Thursday, December 3, 2015

Thing To Do While in Rome: The Trevi Fountain

"Marcello, come here, hurry up!" Anita Ekberg as Sylivia in La Dolce Vita

The Trevi Fountain is one of the most magical spots in Rome, and after going through seventeen months of renovations it reopened to the public last month.  A stop at the fountain is a must for any visitor.  The legend says that if you throw a coin into the fountain, you will come back to Rome, and who doesn't want to be back!  I threw more than one coin and I hope to be back soon.

The streets that lead you to the fountain are typical narrow cobble-stone alleys and when you turn the corner and the area opens up to this wonderful fountain you do need a a few seconds to contemplate it and take it all in.  

The fountain is a iconic symbol of the city.  It represents the taming of the waters by Oceanus, the  god of the seas.  It beautifies the facade of a historic building and is so large in size that overpowers the small square that hosts it.  This fantastic fountain was featured in Fellini's film La Dolce Vita.  In the film, a beautiful and voluptuous Anita Edberg, wondering the streets of Rome late at night, stumbles upon the fountain, and gets in it calling her love interest, a very handsome Marcello Mastroianni, who eventually gives up and joins her.  If you have not seen the movie, check out the scene here.

The fountain dates back to 1762 and it is fed by one of the oldest aqueducts of the city of Rome.  It is a busy tourist spot but if you get there early in the morning you might just have it all to yourself.  Of course the fountain becomes even more beautiful at night, and now, after the renovation, night-time illumination has improved tremendously.  

If you happen to be visiting the fountain close to dinner time, eat at trattoria Al Moro (Vicolo delle Bollette 13, Phone  Is always better to make reservations.  They are known for their typical Roman cuisine, and everything I tried there was wonderful.  (If you want to learn more about what dishes to order when in Rome read this)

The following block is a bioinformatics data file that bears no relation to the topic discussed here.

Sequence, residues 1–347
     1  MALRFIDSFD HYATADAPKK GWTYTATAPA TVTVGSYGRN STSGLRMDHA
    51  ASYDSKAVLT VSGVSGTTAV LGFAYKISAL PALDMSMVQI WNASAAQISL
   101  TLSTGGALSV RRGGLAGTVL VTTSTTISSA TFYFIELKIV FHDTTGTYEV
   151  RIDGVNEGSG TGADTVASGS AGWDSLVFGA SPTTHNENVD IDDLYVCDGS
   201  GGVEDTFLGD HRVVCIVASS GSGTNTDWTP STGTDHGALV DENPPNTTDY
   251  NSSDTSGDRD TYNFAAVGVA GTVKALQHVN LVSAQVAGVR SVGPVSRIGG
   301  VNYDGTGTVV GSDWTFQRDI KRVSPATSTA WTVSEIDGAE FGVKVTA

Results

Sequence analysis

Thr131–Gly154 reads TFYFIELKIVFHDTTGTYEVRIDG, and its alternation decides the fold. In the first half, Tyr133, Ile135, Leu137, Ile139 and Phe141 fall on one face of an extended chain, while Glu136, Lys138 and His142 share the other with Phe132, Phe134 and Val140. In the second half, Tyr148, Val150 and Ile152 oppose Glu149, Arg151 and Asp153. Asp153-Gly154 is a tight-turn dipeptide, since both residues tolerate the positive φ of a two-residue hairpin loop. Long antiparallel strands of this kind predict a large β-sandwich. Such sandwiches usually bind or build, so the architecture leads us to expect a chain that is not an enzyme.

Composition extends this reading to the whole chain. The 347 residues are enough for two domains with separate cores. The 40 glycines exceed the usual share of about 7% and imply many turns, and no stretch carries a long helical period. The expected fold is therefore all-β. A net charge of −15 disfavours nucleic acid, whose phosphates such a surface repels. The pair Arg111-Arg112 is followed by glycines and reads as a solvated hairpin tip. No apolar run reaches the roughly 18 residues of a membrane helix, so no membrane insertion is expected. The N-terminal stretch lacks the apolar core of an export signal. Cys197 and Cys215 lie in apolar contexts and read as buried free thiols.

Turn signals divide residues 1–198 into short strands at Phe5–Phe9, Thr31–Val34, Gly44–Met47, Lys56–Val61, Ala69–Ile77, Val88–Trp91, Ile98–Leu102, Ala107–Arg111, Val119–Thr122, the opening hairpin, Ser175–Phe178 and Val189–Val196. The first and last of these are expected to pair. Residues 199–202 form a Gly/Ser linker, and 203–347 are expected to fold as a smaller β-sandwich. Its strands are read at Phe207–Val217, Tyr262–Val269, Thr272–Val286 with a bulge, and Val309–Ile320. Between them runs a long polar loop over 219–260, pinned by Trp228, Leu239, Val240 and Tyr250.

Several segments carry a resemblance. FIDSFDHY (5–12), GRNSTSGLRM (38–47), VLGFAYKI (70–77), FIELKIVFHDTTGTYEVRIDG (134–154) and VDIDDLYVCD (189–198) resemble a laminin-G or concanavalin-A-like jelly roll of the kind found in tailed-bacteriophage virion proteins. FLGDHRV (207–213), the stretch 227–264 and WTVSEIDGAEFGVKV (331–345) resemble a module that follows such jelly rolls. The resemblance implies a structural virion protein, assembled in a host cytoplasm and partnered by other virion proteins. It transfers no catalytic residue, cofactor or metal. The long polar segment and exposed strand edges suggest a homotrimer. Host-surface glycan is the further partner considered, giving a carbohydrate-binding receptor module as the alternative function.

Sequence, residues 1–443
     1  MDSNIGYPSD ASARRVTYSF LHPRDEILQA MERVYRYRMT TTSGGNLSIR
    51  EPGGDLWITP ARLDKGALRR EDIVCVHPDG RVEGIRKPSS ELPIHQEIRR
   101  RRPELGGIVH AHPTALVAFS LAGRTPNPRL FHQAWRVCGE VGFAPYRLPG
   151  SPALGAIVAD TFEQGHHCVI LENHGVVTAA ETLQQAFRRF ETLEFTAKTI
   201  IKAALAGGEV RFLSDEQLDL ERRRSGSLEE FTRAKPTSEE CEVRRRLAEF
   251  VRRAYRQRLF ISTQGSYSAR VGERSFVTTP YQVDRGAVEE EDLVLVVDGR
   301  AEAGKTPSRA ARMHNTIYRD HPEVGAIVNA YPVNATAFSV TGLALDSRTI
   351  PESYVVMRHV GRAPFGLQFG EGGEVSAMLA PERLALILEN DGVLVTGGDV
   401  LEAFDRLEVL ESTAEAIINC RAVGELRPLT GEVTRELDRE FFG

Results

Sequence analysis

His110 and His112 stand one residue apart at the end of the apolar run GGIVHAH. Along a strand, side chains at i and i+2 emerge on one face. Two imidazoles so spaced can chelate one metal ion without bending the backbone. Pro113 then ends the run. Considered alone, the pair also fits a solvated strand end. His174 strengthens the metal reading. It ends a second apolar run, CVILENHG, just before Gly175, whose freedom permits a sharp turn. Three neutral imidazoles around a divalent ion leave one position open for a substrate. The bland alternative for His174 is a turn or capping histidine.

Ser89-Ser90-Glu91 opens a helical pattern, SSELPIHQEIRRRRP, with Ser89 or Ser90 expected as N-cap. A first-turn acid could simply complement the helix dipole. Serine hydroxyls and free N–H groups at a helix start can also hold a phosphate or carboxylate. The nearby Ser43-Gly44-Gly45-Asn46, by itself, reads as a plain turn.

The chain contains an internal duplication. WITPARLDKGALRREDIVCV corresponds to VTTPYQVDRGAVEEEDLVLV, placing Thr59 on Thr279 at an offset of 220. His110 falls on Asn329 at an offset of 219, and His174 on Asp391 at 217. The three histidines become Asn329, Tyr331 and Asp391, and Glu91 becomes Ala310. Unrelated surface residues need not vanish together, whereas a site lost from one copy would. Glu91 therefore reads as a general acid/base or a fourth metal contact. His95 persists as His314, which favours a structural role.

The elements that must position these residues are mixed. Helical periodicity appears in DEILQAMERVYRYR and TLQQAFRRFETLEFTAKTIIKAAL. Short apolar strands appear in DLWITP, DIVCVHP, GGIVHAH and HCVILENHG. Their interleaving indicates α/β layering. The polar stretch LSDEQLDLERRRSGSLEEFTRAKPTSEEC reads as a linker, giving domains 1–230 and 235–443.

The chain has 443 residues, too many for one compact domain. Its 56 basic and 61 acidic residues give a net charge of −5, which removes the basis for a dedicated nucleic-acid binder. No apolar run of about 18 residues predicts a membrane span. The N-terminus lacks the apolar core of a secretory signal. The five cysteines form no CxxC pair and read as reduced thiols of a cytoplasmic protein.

I hope you get to visit this wonderful piece of history and don't forget to throw your coin to ensure your return to Rome!!

Arrivederci for now,

Thursday, November 19, 2015

Decorating with European Flair

"The ornament of a house is the friends who frequent it." Ralph Waldo Emerson

I've been searching for inspiration ideas that I can use to make my home have more of a European flair.  I understand that architecture styles and features are vastly different, and I do like modern and minimalist as much as I like the charm of the old world.  Is there a way to possibly mix them both? I think so!  And since I have not found much after hours on Pinterest, I've decided to write a list of the things I loved while living in Europe so I can refresh my memory and help myself focus at my task... this exercise may help you too, so read on!

Things I Love About European Decor:

1. Not everything matches!  In America we tend to want a furniture set, a bedroom set, everything has to match perfectly.  I have news for you, in Europe they tend to mix new pieces they love with pieces they have.  My friend Joana, who is a master at mixing and matching, applied the idea to her dinning china, every plate she owns is different, every tea cup is unique, and it works!!  She can pull it off, I hope you can do too.

2. Pieces with History:  Some pieces can be passed down from one generation to the next, and even though you may have a different taste than your grandmother, one separate piece can find a spot in your decor and you will even have a cool story to tell about it. 

3. Texture:  Because most places are old in Europe, you have many textured walls done with plaster, and the effect of a nice bright painting over an old wall is magnificent.  Old and new, keeping your history and looking into the future.  Isn't that what life is all about?  To try to recreate the effect,  check out the Ralph Lauren Polished Patina finish and you'll know exactly what I am talking about.

4. Small is O.K.: Most people wish for a bigger place.  Small can be wonderful too.  And bigger some times is just bigger (not better).  It's all about picking you pieces well and utilizing your space to the max.  Have you ever seen the terraces of European apartments?  The bottom one in the photo is at Piazza Navona, Rome.  Tiny but full of life!